U.S. Petrochemical Market Highlights

  • 27 Feb 2018
  • By Jared MacLane
  • Topics: Energy

America’s chemical industry has undergone a dramatic transformation from high to low-cost producer as petrochemicals derived from crude oil and natural gas have seen a resurgence of capacity additions and investment over the last five years. 2017 was marked by growing US capacity in natural gas liquids (NGLs), primarily ethane production, and continued exports of propane and ethane to markets in China, India and Europe.

Petrochemicals currently make up 25% of the demand for liquid petroleum gases (LPG).1 The US is becoming one of the largest producers of petrochemicals, accounting for 30% of global production in 2017.  Continued global demand for plastics and polymers in the form of resin, coupled with low feedstock prices, has contributed to increasing investment in propane dehydrogenation (PDH) units in China, and ethylene crackers in the US.

NGLs, which include pentanes, ethane and LPG (propane, butane) accounted for 29% of the liquid fuels growth between 2009 and 2016. Most growth in NGL production occurred at natural gas processing plants. A byproduct of growing supply of natural gas from shale and tight oil formations.2

Prices rallied over the summer of 2017 in butane, propane, and naphtha, collapsing the US-to-Asia arb in propane as prices became more competitive in the US versus China. Ethane prices were attractive relative to the other liquids, and it remained the “light” feedstock of choice when compared to propane.

Globally, LPG is oversupplied with production between 300-310 million tons. On the demand side, the world requires about 290 million tons.3

India is now the second largest consumer of LPG world-wide. New government subsidies have increased consumption by 10-11 million tons in the last three years. India’s total consumption is approximately 23 million tons, with half of the demand met by local supply, and the balance met by imports of 12 million tons a year. India has become an important market for excess US and Middle East supply.4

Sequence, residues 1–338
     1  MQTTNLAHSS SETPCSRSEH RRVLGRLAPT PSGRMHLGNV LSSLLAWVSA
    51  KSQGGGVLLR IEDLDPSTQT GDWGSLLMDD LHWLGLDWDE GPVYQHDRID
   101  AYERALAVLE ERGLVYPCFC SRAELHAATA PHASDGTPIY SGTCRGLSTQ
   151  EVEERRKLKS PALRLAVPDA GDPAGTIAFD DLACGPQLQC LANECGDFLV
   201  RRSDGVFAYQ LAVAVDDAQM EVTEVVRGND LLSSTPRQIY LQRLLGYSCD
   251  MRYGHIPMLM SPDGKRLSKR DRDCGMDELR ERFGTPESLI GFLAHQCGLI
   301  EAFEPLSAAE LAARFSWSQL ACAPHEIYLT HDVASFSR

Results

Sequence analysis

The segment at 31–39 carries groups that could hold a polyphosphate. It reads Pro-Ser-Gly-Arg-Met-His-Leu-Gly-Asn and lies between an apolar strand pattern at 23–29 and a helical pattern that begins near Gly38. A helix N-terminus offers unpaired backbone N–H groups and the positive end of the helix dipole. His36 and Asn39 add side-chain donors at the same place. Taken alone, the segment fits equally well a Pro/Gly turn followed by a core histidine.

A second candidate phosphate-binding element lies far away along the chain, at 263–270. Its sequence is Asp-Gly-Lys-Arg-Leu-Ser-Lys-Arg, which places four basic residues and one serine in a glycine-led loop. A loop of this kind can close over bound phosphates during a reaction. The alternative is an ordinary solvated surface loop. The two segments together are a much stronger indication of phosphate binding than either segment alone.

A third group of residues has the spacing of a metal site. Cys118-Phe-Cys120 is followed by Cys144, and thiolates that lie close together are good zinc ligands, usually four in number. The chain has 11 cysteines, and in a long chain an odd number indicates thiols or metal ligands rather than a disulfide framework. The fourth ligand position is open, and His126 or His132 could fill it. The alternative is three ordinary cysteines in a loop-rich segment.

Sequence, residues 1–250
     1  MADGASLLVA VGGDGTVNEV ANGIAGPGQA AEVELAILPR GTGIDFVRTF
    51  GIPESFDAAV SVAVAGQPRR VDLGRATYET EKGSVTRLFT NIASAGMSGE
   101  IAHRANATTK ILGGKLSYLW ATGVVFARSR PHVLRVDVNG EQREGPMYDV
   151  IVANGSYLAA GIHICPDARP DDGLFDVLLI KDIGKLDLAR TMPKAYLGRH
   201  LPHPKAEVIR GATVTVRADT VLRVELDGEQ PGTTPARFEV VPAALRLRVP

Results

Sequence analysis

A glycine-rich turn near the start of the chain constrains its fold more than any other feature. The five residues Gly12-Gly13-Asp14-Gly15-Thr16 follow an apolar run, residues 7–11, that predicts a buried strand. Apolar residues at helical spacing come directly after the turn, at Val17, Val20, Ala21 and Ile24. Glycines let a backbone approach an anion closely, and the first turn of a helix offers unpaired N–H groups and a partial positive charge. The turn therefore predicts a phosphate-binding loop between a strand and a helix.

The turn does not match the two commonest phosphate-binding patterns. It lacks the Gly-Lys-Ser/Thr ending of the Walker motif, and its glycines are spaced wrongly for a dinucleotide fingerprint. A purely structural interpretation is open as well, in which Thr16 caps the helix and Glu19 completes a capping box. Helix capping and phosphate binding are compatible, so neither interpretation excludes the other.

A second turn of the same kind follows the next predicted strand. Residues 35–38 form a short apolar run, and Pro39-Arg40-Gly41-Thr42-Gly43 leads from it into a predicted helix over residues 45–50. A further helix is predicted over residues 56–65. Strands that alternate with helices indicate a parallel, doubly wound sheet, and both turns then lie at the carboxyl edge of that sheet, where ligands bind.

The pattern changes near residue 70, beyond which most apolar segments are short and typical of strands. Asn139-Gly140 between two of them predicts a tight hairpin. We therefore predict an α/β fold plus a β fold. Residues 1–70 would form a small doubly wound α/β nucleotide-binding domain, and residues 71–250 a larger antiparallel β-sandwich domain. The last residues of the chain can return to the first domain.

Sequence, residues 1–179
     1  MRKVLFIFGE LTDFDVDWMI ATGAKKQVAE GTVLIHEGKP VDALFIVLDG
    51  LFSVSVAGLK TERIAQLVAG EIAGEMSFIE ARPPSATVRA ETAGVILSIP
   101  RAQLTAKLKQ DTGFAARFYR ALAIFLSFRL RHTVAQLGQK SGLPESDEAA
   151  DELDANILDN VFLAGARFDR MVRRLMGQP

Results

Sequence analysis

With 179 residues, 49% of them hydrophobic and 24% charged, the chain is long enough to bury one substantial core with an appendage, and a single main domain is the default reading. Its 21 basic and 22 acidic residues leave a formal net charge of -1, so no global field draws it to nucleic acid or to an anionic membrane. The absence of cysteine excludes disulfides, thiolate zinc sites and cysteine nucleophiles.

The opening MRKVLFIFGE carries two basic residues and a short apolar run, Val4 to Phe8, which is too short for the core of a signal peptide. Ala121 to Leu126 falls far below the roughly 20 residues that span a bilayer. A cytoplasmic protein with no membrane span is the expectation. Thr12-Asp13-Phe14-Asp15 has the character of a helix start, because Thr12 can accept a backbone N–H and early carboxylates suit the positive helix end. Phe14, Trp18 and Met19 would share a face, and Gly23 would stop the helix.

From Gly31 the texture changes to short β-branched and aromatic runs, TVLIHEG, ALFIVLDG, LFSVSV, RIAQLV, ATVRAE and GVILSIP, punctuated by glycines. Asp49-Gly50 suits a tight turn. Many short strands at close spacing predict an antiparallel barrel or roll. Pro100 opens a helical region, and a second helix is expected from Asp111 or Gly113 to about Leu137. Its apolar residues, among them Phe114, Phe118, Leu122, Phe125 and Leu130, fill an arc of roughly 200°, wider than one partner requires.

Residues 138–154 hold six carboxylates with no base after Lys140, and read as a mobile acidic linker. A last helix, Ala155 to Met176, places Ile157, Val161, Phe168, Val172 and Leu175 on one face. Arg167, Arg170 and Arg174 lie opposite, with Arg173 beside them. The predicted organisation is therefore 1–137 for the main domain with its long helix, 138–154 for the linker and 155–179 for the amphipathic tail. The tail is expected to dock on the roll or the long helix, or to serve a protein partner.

China is the largest consumer of LPG, and a large importer of US propane, as local supply specs are not suitable for PDH units there. While propane prices were higher, and the market has seen margin tightening, running PDH units was still economic in 2017.

According to the Energy Information Agency’s (EIA’s), Short-Term Energy Outlook, ethane production is expected to increase from 1.25 million b/d in 2016, to 1.7 million b/d in 2018.5 One of the challenges with ethane as a primary feedstock is that ethane only produces ethylene, while propane and naphtha products can be more diverse. This dynamic has created a near-term shortage of propylene, which is used in over two-thirds of automobile plastics.6

New ethylene capacity, as forecasted in the chart below, will absorb some ethane supply. The first ethane cargoes were sent to Europe in 2016, and last year marked the first-time cargoes were headed to India.  EIA forecasted exports to increase by 180,000 b/d from 4Q16 to 1Q18.7 Given the massive quantities of natural gas available in the Permian Basin, Utica, and Marcellus shale plays, it is expected that ethane exports will continue.

North American Ethylene Capacity Growth
Starting Company Location Total Growth*
Q1-17 Dow Plaquemine, LA 250
Q2-17 Equistar Various sites 401
Oxy/Mexichem Ingleside, TX 550
Q4-17 ChevronPhillips Cedar Bayou, TX 1,500
Dow Freeport, TX 1,500
Q1-18 ExxonMobil Baytown, TX 1,500
Q3-18 Indorama Lake Charles, LA 420
Q4-18 Formosa Point Comfort, TX 1,150
Q1-19 Shin-Etsu Plaquemine, LA 500
Sasol Lake Charles, LA 1,550
Q1-20 LACC Lake Charles, LA 1,000
Q2-22 Shell Monaca, PA 1,500
    Total Additions 11,821

*1000 metric tons
source: IHS Markit

Looking ahead into 2018, CME Group expects volumes to increase in its NGL and petrochemical futures contracts given better 2H17 volume growth. As the market matures, the Exchange expects more participants to implement risk management strategies into their portfolios. With over 50 NGL and petrochemical trading products, more participants are utilizing CME Group contracts to hedge price risk.

The outlook in 2018 for petrochemical end-markets overall should be positive, with continued growth in downstream applications, such as plastics, synthetic rubbers, including manufactured fibers like nylon and polyester.

Demand for these products tends to grow alongside GDP growth.8 As economies improve and consumers demand more choices, plastics, for example, will not only need to increase in volumes, but innovation, as the global food trade will require improved freshness over long hauls to new markets. Investment in infrastructure and crackers enables markets to develop with added capacity and feedstock supply to meet this growing demand.

North America, as a major exporter and producer of NGLs, is redefining supply-chains and shipping channels worldwide. Ultimately these movements may introduce new markets, new participants, and as a result continue to offer new trading opportunities in 2018 and beyond.

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